Copyright: Gimenez M© 2017. This is an open-access article distributed under the terms of the Creative Commons Attribution License, which permits unrestricted use, distribution and reproduction in any medium, provided the original author and source are credited.



Abstract

Background: Improvements in exercise tolerance diminish with time upon cessation of the exercise program. Incremental Bi-levels “Two-stepstool test” (TSST) and Bi-level Stairs Climbing (BiSC) 30-45 minute session have routinely been used in pulmonary rehabilitation since 1968.

Introduction: Structured exercise rehabilitation programs of six to eight weeks duration have been reported to improve quality of life, increase exercise tolerance, and boost maximal oxygen consumption (VO2max) and endurance by 20 to 40%.

Objective: The purpose of this study was: (1) to analyze and assess subjective, physical, and some physiological responses to TSST; (2) to join the TSST (speed x20 times) with BiSC of 30 min, designed for endurance training at home; (3) to compare both tests at the maximal responses with those of incremental cycle-ergometry (30 W/3 min); (4) to analyze subjective, psychological and functional parameters of Dyspnea.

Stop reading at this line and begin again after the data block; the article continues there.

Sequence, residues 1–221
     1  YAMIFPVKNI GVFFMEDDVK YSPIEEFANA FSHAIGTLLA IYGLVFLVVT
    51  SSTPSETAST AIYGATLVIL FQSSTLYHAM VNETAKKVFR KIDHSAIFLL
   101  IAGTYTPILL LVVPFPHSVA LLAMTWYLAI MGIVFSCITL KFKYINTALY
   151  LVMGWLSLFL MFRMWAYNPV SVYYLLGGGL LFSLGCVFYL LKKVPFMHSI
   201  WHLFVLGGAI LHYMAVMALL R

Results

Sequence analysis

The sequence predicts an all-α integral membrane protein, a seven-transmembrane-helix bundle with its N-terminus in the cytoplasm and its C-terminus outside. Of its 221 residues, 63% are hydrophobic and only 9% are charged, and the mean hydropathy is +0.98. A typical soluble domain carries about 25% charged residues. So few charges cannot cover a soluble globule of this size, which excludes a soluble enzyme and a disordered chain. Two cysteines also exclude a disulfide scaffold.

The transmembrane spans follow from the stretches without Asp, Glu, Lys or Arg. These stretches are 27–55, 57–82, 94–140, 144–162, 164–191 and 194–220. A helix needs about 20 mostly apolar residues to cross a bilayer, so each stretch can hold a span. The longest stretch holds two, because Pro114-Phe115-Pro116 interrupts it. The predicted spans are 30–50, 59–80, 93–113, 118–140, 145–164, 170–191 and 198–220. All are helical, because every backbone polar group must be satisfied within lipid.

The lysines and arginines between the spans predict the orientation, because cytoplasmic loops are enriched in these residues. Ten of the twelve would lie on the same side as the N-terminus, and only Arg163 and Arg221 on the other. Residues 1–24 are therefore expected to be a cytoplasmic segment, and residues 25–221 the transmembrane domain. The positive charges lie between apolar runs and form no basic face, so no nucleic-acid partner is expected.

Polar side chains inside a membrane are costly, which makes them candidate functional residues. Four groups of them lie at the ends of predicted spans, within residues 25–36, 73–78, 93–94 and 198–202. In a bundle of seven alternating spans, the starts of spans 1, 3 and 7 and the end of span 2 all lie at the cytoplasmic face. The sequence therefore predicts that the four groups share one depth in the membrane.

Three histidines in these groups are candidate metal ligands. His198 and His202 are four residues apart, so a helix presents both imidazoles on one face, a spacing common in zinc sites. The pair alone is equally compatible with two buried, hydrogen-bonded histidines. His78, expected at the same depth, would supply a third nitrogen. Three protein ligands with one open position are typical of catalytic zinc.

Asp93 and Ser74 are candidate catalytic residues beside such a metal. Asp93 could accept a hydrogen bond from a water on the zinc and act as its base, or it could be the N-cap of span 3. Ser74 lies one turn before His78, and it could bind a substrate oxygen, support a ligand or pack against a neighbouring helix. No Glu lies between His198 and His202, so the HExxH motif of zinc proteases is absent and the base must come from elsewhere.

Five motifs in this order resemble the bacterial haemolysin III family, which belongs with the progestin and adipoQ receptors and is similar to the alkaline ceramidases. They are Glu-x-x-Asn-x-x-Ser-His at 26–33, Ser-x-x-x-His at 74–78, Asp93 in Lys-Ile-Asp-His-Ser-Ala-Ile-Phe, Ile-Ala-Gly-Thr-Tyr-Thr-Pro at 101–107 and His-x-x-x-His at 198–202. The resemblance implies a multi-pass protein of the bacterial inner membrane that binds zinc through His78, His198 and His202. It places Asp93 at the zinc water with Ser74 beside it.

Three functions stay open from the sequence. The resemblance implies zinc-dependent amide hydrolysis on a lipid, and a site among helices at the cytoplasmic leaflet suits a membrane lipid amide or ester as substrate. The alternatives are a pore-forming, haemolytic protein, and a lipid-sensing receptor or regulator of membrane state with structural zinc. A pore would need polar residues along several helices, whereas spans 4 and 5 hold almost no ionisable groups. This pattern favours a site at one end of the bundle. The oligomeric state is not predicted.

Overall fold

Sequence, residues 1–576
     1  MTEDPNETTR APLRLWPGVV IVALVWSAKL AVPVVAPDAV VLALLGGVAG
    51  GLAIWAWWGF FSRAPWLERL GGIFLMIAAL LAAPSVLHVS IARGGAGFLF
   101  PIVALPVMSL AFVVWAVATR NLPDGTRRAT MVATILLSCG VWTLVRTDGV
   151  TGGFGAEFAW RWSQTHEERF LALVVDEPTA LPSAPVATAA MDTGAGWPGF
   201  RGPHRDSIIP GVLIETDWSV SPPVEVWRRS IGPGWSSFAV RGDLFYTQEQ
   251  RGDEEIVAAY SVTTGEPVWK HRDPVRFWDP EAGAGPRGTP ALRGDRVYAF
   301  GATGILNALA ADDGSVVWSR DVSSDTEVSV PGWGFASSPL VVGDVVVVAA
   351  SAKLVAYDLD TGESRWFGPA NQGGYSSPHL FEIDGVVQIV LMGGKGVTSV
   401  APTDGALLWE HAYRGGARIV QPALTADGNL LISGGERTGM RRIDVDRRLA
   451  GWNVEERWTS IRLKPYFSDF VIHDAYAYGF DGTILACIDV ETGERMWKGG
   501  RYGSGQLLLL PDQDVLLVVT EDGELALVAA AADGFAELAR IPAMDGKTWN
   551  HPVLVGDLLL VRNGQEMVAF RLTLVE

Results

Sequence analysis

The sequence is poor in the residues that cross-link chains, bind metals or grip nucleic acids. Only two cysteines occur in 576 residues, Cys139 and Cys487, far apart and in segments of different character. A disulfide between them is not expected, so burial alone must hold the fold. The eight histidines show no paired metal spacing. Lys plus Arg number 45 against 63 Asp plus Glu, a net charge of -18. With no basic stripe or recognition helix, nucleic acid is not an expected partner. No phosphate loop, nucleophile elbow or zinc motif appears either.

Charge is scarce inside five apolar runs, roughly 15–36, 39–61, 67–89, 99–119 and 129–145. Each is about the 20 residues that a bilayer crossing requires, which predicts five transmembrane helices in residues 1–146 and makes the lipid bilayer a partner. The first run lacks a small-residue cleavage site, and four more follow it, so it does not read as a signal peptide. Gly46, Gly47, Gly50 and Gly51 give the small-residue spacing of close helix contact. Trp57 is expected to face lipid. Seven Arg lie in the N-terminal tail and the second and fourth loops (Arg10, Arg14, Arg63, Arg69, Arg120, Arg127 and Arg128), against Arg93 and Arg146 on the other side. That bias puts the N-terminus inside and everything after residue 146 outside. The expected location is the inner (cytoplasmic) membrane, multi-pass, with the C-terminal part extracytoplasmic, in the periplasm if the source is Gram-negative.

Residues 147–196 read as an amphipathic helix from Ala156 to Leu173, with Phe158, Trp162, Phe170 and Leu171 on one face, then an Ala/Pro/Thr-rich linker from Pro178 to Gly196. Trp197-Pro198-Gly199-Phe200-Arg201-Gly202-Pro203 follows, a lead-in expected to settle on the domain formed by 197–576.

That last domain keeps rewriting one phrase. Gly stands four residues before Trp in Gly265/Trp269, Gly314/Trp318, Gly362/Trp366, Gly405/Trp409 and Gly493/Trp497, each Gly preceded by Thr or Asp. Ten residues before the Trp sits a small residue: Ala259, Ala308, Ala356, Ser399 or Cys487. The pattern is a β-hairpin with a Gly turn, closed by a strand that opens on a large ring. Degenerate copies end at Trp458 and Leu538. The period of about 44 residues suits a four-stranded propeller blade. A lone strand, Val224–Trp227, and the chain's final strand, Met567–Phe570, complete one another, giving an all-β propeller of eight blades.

Design: This is a longitudinal study on 15 consecutive subjects with Dyspnea and overweight (39-66 yrs, BMI = 32.46 ± 6.77 kg/m2). Each subject performed the TSST at increasing speeds (10, 20, 30, times/min), on two 15 cm steps and, and 3 times the BiSC in 1 floor, up and down (20 steps 15 cm high each) under breathing education: Exertional dyspnea (ED), leg pain (LP), oxygen uptake (VO2), Ventilation (VE), respiratory rate (RR), tidal volume (VT), heart rate (HR), and peripheral oxyhemoglobin saturation (SpO2), were measured during TSST. Multivariate analysis for each parameter was analyzed according to a mixed model.